If and are distinct primes, then the sum of the positive divisors of other than is clearly Hence, if we would have
The only pair of primes satisfying the above condition are and
Let n be a positive integer.
Suppose that the sum of all positive divisors of n (besides n itself) is a multiple of n. (e.g. 1+2+3 = 6k where n=6 and k=1 in this case)
Suppose too that n is a product of two distinct primes.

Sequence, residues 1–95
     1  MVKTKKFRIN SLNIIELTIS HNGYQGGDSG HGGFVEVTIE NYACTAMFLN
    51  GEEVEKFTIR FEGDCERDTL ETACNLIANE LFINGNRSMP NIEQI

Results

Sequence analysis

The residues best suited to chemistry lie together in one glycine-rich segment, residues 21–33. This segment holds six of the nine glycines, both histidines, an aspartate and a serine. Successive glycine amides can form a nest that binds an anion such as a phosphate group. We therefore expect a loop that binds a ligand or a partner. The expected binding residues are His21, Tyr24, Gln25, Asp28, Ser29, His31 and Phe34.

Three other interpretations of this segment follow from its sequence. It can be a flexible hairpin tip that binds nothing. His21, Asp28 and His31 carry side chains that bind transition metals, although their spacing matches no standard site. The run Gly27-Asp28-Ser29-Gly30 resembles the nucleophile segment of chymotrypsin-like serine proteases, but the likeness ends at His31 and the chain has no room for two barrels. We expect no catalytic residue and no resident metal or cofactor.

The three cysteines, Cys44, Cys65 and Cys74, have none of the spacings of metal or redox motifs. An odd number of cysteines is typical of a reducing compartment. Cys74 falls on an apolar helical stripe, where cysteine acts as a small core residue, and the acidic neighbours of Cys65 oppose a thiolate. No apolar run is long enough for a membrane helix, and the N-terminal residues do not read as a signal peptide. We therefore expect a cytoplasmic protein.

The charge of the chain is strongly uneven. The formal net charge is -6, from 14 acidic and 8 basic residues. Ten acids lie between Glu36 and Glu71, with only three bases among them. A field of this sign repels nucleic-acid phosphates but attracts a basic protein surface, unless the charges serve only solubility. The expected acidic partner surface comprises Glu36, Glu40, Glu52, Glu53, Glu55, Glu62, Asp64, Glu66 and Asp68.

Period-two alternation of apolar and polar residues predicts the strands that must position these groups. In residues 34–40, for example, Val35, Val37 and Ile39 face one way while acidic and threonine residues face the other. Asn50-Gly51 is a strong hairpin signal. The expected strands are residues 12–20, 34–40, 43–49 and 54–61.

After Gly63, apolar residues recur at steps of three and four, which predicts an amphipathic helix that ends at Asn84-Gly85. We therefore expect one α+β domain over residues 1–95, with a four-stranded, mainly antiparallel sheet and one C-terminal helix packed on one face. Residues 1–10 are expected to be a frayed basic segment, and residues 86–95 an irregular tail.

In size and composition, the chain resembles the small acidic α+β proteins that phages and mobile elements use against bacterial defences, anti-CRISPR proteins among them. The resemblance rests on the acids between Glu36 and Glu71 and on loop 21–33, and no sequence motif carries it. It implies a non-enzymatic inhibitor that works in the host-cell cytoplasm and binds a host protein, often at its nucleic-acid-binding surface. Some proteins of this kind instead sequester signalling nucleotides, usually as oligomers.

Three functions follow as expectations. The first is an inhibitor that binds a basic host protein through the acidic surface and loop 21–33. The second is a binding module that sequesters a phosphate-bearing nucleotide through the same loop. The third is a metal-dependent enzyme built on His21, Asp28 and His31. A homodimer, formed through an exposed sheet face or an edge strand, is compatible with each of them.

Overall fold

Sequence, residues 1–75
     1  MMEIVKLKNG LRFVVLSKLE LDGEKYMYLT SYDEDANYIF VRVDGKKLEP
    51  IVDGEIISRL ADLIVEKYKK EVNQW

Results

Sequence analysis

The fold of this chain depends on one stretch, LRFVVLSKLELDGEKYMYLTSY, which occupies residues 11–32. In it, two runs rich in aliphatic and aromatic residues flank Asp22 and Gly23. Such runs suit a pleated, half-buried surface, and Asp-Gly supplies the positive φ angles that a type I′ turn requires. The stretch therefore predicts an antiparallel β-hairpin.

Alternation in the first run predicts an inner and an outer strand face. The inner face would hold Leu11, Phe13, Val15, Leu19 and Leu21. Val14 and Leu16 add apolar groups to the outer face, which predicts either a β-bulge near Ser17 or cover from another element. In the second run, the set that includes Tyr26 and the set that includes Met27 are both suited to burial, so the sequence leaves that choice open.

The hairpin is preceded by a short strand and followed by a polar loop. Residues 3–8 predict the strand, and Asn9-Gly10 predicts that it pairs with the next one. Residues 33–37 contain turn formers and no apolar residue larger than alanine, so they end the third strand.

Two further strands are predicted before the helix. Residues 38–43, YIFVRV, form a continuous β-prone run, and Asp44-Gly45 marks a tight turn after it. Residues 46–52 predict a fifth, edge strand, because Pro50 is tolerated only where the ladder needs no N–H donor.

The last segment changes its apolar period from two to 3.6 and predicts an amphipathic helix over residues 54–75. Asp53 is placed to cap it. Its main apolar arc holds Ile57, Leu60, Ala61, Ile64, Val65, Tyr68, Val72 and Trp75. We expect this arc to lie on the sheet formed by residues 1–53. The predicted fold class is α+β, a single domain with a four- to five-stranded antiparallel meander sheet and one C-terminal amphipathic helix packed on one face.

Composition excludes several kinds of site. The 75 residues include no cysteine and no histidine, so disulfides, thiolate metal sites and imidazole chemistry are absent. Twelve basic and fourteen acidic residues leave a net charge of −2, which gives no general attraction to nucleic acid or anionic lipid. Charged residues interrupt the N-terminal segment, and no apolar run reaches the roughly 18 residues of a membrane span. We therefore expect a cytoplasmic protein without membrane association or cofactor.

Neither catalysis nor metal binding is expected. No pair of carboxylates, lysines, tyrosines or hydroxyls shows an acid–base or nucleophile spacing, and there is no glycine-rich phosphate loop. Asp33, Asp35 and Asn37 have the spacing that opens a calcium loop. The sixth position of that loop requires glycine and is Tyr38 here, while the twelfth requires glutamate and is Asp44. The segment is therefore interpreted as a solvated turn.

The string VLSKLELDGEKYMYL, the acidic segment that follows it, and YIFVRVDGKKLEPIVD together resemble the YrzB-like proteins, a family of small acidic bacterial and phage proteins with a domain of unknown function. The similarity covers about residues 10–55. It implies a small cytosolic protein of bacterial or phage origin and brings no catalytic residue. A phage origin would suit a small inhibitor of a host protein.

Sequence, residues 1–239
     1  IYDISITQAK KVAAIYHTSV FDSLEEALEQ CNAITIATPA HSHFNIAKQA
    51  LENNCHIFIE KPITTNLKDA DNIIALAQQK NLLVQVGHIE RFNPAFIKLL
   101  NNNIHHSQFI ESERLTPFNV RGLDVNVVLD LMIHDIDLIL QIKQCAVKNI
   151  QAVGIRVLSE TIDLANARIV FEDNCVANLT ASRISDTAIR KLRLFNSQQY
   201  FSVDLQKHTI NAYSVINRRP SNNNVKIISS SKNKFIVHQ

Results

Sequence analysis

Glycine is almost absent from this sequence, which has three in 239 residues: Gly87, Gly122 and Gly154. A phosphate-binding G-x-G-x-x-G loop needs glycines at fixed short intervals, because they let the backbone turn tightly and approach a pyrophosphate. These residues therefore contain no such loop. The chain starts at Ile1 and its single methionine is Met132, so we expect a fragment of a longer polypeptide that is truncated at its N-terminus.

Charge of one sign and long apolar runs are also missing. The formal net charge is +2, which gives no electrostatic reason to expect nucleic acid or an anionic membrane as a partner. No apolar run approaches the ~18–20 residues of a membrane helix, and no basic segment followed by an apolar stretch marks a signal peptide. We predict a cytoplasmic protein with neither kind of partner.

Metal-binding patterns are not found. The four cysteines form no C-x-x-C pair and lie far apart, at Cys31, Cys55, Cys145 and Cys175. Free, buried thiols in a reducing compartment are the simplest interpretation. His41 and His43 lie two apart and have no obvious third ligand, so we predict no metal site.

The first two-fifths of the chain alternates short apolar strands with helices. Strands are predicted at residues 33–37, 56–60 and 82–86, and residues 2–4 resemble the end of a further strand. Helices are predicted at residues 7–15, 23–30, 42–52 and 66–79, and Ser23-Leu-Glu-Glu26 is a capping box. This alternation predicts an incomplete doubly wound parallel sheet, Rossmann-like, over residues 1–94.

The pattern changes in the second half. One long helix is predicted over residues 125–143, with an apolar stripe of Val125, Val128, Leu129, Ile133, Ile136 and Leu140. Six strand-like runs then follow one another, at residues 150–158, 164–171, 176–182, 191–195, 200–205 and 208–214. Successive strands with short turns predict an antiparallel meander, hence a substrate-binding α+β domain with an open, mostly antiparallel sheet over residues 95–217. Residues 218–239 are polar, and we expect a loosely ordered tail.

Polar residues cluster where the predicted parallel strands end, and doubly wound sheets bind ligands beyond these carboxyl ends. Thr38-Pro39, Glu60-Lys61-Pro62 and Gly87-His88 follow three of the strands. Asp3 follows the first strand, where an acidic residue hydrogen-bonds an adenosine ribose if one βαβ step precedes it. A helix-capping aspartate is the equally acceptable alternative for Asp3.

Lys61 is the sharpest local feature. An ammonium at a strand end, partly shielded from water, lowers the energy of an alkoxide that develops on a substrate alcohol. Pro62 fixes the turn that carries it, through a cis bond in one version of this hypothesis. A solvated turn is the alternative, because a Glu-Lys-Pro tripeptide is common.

Show that n must equal 6.
I started by letting n = pq for distinct primes p and q.
Then we know 1+p+q = kn = kpq for some k.
This problem just seems so simple, but I can't help but think the proof is really complicated. I would appreciate any hints. Thanks.